So....I get how to dis-assemble and re-assemble and....how to clean' em.  How do I make them really sparkle??  The stainless doesn't seem to respond that well to polishes like Wenol or Flitz.   Mitch 

One thing I have tried that seemed to help is apply the metal polish with some fairly coarse steel wool. Otherwise, the discs are stainless steel so they can be polished using buffing/polishing compounds. I would imagine the outer edge could be done on a buffing wheel but, you would need a Dremel or similar tool to do the inner areas. Since the disc is stainless you can also sand out scratches before the buffing/polishing.

 

The spinner and center disc are chrome plated pot metal. If those pieces are a problem either replace with a better piece or rechrome. There should be plenty of good pieces out there with the various ROA vendors. I have had one of my spinners rechromed and it is beautiful. 

 

Bill

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On 2/12/2022 at 2:11 PM, lrlforfun said:

So....I get how to dis-assemble and re-assemble and....how to clean' em.  How do I make them really sparkle??  The stainless doesn't seem to respond that well to polishes like Wenol or Flitz.   Mitch 

FWIIW I used a buffing wheel on the spokes as well as some elbow grease with a chrome polish. My preference rather than abrasive steel wool. They came up a treat but do deteriorate over time.

 

Also found the bolts holding the centre hub and the caps need to have the correct size spanner or socket as they are easily rounded.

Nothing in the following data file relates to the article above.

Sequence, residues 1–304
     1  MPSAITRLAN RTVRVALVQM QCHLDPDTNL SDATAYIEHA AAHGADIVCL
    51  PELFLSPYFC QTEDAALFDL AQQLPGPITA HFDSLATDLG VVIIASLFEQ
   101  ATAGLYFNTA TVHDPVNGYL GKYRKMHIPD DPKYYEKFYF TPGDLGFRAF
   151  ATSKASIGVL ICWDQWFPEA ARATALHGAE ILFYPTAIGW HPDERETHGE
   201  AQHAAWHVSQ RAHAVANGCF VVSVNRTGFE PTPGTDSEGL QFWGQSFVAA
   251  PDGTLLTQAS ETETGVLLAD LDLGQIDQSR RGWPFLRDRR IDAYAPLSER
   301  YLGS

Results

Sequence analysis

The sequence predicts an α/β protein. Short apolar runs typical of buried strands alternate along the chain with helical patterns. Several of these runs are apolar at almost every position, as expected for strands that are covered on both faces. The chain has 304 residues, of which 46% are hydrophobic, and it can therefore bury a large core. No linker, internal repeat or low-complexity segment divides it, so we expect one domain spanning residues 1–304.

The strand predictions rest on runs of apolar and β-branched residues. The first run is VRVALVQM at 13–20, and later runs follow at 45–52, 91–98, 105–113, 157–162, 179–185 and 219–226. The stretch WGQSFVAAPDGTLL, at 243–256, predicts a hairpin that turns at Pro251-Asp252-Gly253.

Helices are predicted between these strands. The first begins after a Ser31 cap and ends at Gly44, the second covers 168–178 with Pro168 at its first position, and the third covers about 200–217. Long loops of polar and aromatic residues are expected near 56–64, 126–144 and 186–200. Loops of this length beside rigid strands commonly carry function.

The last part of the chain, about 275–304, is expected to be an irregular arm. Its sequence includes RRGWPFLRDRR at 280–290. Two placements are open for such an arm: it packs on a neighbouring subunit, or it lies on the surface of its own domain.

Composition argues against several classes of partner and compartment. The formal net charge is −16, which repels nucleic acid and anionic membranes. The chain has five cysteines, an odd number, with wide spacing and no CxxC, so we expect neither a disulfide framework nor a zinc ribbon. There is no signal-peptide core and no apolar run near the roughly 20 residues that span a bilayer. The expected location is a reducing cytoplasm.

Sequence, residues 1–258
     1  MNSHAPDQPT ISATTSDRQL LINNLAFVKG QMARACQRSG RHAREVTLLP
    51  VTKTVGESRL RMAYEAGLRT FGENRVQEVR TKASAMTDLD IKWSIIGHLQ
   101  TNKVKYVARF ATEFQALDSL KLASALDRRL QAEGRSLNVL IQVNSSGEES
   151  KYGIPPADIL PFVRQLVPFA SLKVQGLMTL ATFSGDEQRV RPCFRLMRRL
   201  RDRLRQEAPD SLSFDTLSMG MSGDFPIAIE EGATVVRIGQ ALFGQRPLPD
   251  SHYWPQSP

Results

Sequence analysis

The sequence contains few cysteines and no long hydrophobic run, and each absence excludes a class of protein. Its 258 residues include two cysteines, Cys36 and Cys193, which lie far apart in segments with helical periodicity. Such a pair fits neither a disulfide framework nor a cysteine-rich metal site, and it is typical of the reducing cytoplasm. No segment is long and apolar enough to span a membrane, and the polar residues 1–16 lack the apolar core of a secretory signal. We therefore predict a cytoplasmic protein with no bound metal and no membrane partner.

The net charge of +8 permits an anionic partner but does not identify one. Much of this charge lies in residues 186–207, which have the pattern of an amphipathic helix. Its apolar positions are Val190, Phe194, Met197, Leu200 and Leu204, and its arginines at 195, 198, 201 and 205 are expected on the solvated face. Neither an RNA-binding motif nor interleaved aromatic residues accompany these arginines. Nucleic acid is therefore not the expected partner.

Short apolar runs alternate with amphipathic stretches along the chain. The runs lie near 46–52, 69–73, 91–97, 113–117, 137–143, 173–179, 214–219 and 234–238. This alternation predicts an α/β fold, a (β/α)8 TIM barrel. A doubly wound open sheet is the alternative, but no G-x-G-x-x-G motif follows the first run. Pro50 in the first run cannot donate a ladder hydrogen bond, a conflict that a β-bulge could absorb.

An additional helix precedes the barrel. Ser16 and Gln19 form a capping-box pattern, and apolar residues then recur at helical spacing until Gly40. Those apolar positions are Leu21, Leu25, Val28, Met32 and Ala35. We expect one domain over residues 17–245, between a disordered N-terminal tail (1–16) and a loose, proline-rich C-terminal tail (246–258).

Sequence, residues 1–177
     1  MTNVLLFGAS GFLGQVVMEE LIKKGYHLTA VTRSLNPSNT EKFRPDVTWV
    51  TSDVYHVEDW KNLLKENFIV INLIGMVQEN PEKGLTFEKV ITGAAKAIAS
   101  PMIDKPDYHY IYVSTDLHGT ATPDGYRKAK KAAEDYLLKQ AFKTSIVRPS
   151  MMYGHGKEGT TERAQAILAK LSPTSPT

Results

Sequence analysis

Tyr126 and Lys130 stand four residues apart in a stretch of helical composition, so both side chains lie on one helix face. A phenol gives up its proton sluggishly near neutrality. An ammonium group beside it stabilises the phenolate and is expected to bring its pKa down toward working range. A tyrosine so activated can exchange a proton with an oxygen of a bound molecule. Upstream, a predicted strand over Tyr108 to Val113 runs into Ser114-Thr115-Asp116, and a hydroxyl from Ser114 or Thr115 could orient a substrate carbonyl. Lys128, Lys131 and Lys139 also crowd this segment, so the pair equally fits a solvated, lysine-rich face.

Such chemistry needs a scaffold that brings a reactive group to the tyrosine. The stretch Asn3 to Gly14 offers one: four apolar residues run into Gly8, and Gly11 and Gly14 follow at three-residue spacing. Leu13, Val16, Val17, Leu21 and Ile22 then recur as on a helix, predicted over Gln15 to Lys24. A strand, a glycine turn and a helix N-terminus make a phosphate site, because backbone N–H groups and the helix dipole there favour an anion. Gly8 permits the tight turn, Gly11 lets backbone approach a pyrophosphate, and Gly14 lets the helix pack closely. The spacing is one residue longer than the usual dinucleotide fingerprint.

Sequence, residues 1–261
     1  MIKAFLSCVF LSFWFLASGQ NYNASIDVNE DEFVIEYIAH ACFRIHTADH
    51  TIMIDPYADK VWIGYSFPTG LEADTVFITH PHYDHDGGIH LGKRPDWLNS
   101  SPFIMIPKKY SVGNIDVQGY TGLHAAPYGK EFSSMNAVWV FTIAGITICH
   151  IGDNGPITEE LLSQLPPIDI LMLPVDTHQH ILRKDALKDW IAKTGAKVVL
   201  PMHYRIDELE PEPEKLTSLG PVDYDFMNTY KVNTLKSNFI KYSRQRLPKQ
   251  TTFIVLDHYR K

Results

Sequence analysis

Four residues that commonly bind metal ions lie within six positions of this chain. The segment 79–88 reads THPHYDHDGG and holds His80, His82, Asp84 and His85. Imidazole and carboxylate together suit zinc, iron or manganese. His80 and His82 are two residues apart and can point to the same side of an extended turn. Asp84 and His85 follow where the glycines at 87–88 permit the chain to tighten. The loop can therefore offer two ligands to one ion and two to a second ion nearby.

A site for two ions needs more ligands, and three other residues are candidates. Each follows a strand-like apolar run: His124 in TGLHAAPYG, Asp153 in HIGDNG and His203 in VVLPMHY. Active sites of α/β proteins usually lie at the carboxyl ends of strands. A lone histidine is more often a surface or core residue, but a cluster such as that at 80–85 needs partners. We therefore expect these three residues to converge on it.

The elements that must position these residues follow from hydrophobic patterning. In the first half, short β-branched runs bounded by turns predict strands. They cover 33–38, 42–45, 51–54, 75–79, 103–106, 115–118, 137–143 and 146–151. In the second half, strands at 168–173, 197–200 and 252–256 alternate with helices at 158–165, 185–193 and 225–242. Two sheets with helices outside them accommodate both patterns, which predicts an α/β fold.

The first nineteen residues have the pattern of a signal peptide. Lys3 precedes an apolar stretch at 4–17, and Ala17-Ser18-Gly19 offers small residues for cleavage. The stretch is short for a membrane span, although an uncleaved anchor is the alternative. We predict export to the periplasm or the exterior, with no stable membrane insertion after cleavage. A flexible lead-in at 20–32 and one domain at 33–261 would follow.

Also you need to make sure when you park that all the Buick Tri-shields are positioned correctly and not upside down. 🤔🤔🤔🤔🤔🤔

 

Rodney 😊😊😊😊😊😊

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1 hour ago, rodneybeauchamp said:

Also you need to make sure when you park that all the Buick Tri-shields are positioned correctly and not upside down. 

Heh. I've never had a problem correctly orienting GM wire cap spinners/centers, but 1964 Oldsmobiles could have a nice wheelcover with a heavy 3-bar spinner and a plastic center.

Here's what it should look like. Notice orientation of the Rocket center.

 

OIP.jpeg.jpg

 

I have several of them (thankfully nicer than this ebay sale) that no matter how I reassemble them, the plastic center Rocket ends up aligned with one of the spinner bars. Only thing I can figure is they were service replacements and not as much care was taken to make sure they were right. The keyways on the plastic center are in a different location than the originals.

 

Maybe I ought to get that one and clean it up! Then I'd have enough for three 64 Oldsmobiles!

 

Did Buick do any nonsense like that in the service parts market?